The story of the prison looms large in our collective history, an archetypal prison made real. We’ve heard about the freezing, shark-infested waters surrounding the island. We’ve heard that the United States Prison System ran the prison with an iron fist. We’ve heard about the men who stayed there—Al Capone, George “Machine Gun” Kelly, and James Joseph “Whitey” Bulger, Jr., to name a few. We’ve heard that it was a “super prison,” an inescapable, impenetrable fortress. We’ve heard about the failed escape attempts, including the six men who broke out and were never seen again. Did they drown in the frigid, black waters? Or did they make it the Mexico after all?
For the first installment of Project: Haunted House, I decided to pay a visit to one of my favorite bars in Houston—La Carafe.
Built in 1847, the building that would eventually host La Carafe stands at the corner of Travis Street and Congress Avenue in the heart of the Market Square Historic District in downtown Houston. It is a narrow and long structure, slouching to one side and threatening to topple over. The balcony porch, door and window trim, and drainpipes are painted a vibrant green, which contrasts nicely with its practical yet charming brick exterior.
Throughout its life, the building has functioned as everything from a bakery to a trading post. It wasn’t until the 1950s that it became a bar. Due in no small part to its longevity, many believe that the bar is haunted. Some swear that a woman in gauzy white will push women down the stairs because, even in death, she is jealous of their beauty and sees them as competition. There are reports of ghostly lights and orbs floating about, some of which have been captured on film. Supposedly. The building’s second floor, only open after 9 PM or for a semi-annual séance, is a common denominator in the tales. The ghosts of young children are said to play on the second floor. The spirit of a bartender named Carl is believed to inhabit the building, making his presence known with a disembodied voice that announces last call as closing time approaches.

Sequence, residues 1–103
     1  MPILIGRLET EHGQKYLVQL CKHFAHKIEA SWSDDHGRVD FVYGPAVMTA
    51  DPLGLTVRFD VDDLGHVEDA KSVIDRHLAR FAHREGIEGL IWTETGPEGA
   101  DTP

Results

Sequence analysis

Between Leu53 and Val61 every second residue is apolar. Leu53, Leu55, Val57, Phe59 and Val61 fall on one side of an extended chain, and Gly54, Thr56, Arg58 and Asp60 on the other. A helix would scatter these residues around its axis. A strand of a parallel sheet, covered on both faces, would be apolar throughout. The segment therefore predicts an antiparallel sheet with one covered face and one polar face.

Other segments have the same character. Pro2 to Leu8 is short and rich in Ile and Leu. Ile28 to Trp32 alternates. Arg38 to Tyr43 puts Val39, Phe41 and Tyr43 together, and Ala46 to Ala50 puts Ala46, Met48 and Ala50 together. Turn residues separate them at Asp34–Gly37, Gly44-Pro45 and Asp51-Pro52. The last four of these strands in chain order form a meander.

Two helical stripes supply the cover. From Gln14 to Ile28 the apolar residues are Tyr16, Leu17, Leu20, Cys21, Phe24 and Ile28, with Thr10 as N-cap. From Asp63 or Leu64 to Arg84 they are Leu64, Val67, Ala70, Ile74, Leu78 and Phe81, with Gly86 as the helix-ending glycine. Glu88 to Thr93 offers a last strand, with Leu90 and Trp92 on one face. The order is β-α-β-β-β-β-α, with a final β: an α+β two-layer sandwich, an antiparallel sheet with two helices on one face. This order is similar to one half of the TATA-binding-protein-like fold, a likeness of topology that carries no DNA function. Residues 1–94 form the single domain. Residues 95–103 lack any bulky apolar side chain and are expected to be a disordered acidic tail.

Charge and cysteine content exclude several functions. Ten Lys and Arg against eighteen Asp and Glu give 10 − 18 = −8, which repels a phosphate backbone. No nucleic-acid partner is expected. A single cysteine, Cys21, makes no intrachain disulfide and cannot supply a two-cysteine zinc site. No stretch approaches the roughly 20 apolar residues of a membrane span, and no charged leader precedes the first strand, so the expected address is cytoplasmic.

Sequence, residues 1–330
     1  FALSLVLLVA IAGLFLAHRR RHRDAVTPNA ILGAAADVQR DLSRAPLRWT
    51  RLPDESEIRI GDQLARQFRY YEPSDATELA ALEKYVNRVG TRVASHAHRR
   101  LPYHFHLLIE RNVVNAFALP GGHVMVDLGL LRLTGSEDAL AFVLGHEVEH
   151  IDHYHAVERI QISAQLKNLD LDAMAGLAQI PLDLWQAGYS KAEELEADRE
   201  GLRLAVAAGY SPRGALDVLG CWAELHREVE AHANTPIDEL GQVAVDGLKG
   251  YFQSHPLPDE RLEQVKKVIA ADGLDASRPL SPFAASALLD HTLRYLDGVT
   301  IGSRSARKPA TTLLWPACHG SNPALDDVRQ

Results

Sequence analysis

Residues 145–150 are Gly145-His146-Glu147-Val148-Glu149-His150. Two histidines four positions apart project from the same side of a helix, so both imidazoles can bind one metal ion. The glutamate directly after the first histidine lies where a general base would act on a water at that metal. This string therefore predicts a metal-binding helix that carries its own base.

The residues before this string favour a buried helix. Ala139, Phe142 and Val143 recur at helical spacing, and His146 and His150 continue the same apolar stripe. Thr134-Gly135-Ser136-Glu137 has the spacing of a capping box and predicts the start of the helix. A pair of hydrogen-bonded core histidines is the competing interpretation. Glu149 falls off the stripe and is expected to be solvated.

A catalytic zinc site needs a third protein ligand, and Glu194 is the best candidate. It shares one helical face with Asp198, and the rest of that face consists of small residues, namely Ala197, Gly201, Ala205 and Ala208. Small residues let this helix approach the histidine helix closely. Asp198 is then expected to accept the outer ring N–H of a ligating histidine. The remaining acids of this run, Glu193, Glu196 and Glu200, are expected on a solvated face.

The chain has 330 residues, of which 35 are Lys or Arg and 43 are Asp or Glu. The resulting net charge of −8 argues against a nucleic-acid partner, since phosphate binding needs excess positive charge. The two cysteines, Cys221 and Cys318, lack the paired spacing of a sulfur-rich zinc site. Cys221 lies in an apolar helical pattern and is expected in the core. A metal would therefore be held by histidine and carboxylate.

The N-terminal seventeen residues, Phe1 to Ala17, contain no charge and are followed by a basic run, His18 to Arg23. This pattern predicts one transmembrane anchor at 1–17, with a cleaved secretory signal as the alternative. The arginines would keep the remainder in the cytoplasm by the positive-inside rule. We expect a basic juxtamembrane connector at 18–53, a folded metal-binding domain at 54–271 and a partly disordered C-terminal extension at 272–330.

I’ve never experienced a supernatural encounter there, but I wouldn’t be surprised if it were actually haunted. There’s so much history soaked into the walls, into the floorboards. The owner adamantly resists many modern influences. La Carafe is a cash-only bar. There are no TVs. At night, candles light the interior, and electrical light is employed sparingly. During the day, the main source of light comes from outside, resulting in long, soft shadows throughout. The heavy scent of incense fills the whole space, creeping to the upper level, wafting out to entice potential customers. The actual bar is an old, Art-Nouveau piece, probably hand-carved.
This is the bar you go to when you feel contemplative and nostalgic, eager to enjoy some wine and good conversation with your date, your friends, or random strangers. You go there to stare at the old photographs, the ancient newspaper clippings about local events, and oil paintings of gorgeous and nameless women, all flickering in the dim light.
For this blog, I find La Carafe intriguing because, even though it’s purportedly haunted, it doesn’t seem to be hurting for business. It’s open every day, including holidays and hurricanes. There are always customers, many of whom are aware of the reputation. I had my hypotheses as to why, but I went to investigate with as open a mind as I could muster.